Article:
Three days ago I went snowshoeing in the woods of northern Minnesota, where our family has a cabin on an island. We went out through the fresh drifts of snow while the sun was still shining brightly on the flocked trees, but by the time we turned back dusk was drawing on quickly, and the snow was blue in the evening light. As we walked, we could see the yellow light of sunset fading through the trees in front of us, while the moon behind us, almost full, grew brighter and brighter, until it cast shadows almost as sharp as the sun’s. The sky became a dark indigo, the first faint stars already more vibrant than those on a clear Boston night. At last we came to the final hill above our cabin, and the golden rim of sunset on the horizon shining through the black forms of trees was the same color as the golden light spilling from our cabin windows.
Be thankful for this world that God has given us. He has granted us sustenance and shelter to keep our bodies safe, but he has also showered beauties on us without number and without reason.
This Christmas Eve, two grandparents, four aunts, three uncles, six cousins, two parents, three siblings, three dogs, and I crowded into my grandmother’s living room and proceeded to all talk at once. There were bad jokes, good jokes, childhood stories, future plans, miscommunications, contradictions, wishes, dreams, expressions of gratitude, and lots of excited squeals as the presents were opened. I’m sure that no one was able to hear himself think for about four hours, but I am also sure that we could not have been happier. My grandmother often asks me, “Do you know how good you’ve got it?” Looking around the room at all my family, I think I did know how good it was.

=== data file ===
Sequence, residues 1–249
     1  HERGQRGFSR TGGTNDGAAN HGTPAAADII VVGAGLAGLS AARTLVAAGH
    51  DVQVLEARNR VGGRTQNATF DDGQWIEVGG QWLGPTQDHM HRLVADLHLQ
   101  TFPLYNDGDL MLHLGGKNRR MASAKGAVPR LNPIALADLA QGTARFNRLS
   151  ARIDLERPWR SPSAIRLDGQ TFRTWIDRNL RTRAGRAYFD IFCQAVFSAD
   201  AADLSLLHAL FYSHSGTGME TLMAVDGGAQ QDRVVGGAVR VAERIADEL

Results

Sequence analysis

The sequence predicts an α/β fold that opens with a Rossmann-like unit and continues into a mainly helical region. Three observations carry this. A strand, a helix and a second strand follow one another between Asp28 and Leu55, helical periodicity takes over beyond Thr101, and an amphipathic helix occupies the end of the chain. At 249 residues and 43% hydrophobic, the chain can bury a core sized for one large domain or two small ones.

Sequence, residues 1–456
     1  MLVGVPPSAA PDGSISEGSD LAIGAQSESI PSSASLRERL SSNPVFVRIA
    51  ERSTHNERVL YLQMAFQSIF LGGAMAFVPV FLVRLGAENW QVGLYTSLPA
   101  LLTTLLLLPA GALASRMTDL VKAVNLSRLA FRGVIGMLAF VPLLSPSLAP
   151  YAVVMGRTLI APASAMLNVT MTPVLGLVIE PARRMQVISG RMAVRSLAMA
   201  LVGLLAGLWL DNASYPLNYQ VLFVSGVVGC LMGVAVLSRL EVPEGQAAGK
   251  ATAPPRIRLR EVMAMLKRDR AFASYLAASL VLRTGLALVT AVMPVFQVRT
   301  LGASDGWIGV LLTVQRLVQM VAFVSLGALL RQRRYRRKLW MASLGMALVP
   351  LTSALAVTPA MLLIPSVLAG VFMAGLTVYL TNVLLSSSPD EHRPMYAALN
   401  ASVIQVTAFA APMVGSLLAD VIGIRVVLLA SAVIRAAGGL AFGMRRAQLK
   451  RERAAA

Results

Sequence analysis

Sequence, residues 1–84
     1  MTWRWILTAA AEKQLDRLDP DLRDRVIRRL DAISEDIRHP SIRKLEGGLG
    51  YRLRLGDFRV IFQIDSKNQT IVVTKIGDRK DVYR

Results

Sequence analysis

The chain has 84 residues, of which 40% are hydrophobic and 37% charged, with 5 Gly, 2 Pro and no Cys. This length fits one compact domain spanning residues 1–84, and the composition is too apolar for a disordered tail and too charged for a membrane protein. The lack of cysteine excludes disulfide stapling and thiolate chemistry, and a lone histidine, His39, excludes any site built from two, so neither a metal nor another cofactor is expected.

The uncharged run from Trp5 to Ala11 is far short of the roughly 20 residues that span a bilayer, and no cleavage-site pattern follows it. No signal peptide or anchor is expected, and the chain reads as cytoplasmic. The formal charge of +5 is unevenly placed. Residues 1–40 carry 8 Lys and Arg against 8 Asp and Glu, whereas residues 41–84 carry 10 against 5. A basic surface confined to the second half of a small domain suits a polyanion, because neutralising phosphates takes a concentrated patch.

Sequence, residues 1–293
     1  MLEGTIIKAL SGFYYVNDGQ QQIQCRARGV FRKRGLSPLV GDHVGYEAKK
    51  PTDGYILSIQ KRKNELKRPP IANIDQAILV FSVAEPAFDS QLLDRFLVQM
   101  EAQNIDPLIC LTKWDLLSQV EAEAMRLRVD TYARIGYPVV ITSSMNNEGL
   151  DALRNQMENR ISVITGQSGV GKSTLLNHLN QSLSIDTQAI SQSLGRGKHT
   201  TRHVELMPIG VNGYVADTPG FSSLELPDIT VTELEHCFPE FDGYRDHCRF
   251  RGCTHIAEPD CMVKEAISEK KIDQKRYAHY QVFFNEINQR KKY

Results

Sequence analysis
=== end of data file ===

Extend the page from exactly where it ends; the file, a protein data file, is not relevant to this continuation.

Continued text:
Be thankful for the community that God has made for us. He has given us family and friends for help and support in the tasks that are set for us to do, but he has also made it pleasurable—no, necessary—to be with other people. By giving us other people to love, he has given us some small taste of the love that lies at the heart of the Trinity.
Today is the first day of the new year. It will hold new loves and new losses, new joys and new pains, new hope and new grief. Through it all, let us give thanks to our God, who has given us all that we need for life, more than we deserve or ever could have expected. Let us give thanks to our God, who gave us even Himself, that we might be freed from the darkness of sin and death. Let us give thanks for the Resurrection that blazes at the center of history like a sun, and let us give thanks for every dandelion that blooms for one day to make us glad. Let us give thanks for the vast panoply of stars and for a momentary return of hope. Let us give thanks for the strong love of the Church through the ages and for the smile of a stranger. This year, let us make a resolution together to see all that our God has done for us.